Please, Dear Yoopers,and the rest of us in the good USA, ignore Dear Erin and her intellect. She wanted to make a stir and did so. Give your words of kindness and support to our troops all over the world and to our government and to our President, George Bush.

You have to live with some of these liberal intellects to really appreciate them. I know, I live near the Redwood forests and surrounding areas and I KNOW OF WHICH I SPEAK.

A Proud Republican,female, somewhat conservative, NOT biased, prejudiced either.

Northwestern California

By Mary Lou on Friday, March 21, 2003 - 05:21 pm:

Erin, your comments are filled with, I think, I disagree, I agree, I this and I is apparent you are only interested in what you want to say, I, I, I.....also, your comment about about the area being conservative is interesting. It wasn't too long ago that it was considerd a hot-bed of liberal thinking....the unions being responsible for the closing of the Calumet and Hecla and the influence of the Co-ops in the rural areas. We are the nation that suffered the attack on our soil on 9/11.......we have the strength and will to defend ourselves. It would be nice is our allies agreed...but it seems they only want us to defend them when they are threatened.

By Enid, MI on Friday, March 21, 2003 - 05:29 pm:

"I meant no disrespect towards anyone's chosen faith. I was simply stating that moral standards are relative"

If moral standards are relative, how can one criticize intolerable moral practices?

By Linda in Genesee County on Friday, March 21, 2003 - 06:05 pm:

It seems this board is full of people who resort to name calling of people who feel this war is not necessary. I do support our troops and pray for their safe return, but I also pray for the safety of the Iraqi innocents who are, at this moment, being bombed into oblivion.

Unfortunately, it has become sedition to disagree with the position of the current administration. I consider myself a true patriot, but I am vehemently opposed to this military invasion of Iraq. It would appear that the administration's position of disarming a dangerous dictator is smoke and mirrors for the real reason for the invasion; the Iraqi oil fields.

It would also appear that North Korea poses a more immediate threat to the United States in that they have stated they have nuclear weapons, they can reach the western United States with them, and they have no intention of giving them up.

Maybe the reason that our esteemed President Bush isn't in any rush to "disarm" North Korea is that there are no oil fields in that location.

Just a little food for thought.

Godspeed to our troops.

By the ever-popular Erin on Friday, March 21, 2003 - 06:19 pm:

Greta -- what, pray tell, is a "typical Berkely (sic) dork"? I'm not a Cal student, nor have I ever been. I certainly don't consider myself an intellectual, and I didn't want to "make a stir" -- I simply expressed an opinion which is uncommon amongst Pasty Cam readers. If a stir was made, so be it. About 95 percent of people in my neck of the woods are anti-war, so if you posted to a local message board here, then I imagine you'd make quite a bit of a stir as well!

Mary Lou, you don't think that the U.P. is politically conservative? I guess it's all a matter of perspective. I've lived in several parts of the United States, cities and small towns both, and have never encountered the kind of closed-mindedness that I did while in the Upper Peninsula. I cherish the land and many of its people, but I think that some folks need to broaden their horizons a bit. The people there are very friendly, granted, but if you're not white, straight, or Christian, it's a different story altogether. (I am familiar with Mother Jones' visit to Calumet during the early part of the last century and many of the labor issues that were brought to a head, yes, but it's the current social climate I speak of.) The thing is, I do realize that the homogenous nature of the U.P. insures that many people's perceptions of blacks, gays, or women who deviate from standard gender roles might never be challenged. I have met some Yoopers who have been exemplary in welcoming and accepting people who challenged this homogeneity, but they are few and far between. I hope that the new generation of Yoopers realizes the potential inherent in diversity and welcomes those who might be unfamiliar to them.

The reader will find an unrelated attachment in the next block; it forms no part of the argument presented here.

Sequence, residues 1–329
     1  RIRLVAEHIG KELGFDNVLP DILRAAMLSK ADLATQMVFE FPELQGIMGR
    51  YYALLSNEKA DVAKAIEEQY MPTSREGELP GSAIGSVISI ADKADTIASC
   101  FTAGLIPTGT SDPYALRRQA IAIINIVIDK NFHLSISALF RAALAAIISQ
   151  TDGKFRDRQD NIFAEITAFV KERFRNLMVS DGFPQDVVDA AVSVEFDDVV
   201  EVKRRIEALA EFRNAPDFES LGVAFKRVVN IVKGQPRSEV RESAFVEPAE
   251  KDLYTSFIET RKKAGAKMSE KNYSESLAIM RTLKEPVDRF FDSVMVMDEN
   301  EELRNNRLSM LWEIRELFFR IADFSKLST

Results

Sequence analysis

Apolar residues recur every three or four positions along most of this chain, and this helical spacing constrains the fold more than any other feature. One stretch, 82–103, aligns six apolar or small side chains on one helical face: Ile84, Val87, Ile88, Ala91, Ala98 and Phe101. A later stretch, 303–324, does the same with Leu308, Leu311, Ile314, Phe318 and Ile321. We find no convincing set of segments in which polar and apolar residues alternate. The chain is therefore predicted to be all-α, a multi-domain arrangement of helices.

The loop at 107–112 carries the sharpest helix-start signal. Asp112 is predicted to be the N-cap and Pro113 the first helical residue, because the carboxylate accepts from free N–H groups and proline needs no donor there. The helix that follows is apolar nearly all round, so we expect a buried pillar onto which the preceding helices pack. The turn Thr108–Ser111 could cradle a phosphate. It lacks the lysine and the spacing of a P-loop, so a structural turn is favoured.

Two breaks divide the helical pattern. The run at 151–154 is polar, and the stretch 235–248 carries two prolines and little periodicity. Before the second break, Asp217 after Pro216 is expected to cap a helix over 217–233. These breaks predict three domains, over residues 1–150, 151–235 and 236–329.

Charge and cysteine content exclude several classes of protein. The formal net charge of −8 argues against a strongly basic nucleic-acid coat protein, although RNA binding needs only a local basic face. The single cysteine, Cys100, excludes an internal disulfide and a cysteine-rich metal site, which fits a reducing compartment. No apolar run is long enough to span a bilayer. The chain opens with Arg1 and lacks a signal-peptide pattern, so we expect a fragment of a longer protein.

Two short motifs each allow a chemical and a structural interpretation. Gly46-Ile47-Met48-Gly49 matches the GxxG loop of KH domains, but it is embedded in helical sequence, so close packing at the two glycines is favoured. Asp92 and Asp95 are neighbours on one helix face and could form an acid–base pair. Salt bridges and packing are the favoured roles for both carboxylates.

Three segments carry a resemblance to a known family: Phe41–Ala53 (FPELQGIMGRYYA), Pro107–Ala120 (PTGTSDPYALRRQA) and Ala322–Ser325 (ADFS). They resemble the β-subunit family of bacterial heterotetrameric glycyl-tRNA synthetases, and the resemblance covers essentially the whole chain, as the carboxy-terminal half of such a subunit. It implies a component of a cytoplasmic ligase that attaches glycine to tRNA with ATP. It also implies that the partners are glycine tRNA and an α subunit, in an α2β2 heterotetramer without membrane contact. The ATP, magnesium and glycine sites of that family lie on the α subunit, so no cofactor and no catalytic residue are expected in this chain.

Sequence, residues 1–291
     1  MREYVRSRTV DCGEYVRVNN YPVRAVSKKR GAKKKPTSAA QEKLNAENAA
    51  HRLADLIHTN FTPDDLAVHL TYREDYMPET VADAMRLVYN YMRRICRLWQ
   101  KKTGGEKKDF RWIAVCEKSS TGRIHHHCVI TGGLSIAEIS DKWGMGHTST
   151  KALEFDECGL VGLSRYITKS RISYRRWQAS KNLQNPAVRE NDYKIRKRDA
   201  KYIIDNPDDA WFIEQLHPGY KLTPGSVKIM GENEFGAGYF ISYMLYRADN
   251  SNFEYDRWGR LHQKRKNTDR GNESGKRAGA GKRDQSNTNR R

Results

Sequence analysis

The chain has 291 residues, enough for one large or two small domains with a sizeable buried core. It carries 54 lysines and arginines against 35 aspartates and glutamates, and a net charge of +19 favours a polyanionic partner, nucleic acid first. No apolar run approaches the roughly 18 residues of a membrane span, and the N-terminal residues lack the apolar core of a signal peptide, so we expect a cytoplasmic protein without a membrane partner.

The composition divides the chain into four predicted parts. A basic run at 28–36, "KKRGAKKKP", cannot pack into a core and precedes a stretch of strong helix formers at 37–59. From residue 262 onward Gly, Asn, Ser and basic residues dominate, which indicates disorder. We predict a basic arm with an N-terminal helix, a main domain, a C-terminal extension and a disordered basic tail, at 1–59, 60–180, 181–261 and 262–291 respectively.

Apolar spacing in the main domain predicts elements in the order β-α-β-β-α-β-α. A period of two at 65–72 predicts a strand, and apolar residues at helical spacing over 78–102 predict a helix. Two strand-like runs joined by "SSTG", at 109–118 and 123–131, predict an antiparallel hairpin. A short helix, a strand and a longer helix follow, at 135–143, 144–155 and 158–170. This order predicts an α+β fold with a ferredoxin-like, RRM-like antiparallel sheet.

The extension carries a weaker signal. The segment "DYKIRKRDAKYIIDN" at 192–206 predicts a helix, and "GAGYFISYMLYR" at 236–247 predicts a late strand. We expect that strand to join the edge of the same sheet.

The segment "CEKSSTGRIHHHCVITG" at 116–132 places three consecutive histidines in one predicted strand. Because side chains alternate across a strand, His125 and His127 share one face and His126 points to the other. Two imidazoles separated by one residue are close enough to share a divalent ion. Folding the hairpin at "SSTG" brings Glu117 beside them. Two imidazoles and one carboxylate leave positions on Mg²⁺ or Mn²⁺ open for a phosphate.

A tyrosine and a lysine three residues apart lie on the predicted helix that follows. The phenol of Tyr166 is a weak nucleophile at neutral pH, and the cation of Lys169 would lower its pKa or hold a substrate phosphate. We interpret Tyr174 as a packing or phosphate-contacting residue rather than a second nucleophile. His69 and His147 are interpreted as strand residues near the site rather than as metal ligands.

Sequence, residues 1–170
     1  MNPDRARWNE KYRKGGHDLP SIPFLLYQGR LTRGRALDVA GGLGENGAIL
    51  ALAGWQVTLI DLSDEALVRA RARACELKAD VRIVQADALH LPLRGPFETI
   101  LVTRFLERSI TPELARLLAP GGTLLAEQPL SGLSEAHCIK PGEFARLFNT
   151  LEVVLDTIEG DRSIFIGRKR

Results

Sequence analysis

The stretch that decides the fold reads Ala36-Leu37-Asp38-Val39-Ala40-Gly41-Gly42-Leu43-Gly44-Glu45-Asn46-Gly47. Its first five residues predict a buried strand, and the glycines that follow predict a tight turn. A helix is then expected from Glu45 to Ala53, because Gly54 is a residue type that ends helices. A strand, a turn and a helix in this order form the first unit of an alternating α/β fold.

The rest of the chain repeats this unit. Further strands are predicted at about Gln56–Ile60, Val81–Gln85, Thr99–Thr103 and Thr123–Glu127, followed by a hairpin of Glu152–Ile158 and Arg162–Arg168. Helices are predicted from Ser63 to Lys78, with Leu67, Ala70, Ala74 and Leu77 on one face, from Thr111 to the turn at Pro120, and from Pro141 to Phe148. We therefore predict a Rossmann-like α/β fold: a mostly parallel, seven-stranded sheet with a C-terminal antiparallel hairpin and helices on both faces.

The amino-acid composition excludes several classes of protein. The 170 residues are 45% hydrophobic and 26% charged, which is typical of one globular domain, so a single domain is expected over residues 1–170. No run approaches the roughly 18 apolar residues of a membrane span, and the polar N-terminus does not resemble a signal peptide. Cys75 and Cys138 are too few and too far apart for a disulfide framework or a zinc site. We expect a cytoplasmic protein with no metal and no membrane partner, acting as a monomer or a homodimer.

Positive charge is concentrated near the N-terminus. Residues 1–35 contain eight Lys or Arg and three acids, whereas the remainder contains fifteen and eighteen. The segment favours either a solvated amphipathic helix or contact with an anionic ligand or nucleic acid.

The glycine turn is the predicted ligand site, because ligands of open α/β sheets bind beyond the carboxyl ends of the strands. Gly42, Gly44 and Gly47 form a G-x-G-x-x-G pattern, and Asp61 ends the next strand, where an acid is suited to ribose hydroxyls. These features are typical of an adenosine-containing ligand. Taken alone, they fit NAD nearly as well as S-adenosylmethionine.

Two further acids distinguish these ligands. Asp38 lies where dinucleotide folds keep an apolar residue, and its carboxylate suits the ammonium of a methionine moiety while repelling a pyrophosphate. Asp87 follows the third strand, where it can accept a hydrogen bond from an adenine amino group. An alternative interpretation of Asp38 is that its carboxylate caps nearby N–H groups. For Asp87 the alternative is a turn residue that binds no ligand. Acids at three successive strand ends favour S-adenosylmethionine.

Nita -- are you in Humboldt or Mendocino County? The logging struggles there are certainly quite intense, aren't they? Environmentalists want to insure the longevity of the forests, and many of the locals want to insure the existence of a lumber-based economy. I have a close friend in Fort Bragg, and he spoke of how tense things were while he was growing up -- two sides of the town always pitted against each other. I'm sorry that you've had negative experiences with some of the activists, but know that many of them are there with the best of intentions: they merely want to protect old-growth forests, not imperil the wood-based livelihoods of locals. It is, obviously, not a black-and-white issue.

"It would be nice if our allies agreed." Allies? It's not just our allies who disagree -- it's the bulk of the world.

I will be out of town for the weekend and unable to check this board, but if you any of you would like to engage in further dialogue, please feel free to e-mail me privately. I welcome the opportunity for discussion.

By mary on Friday, March 21, 2003 - 06:35 pm: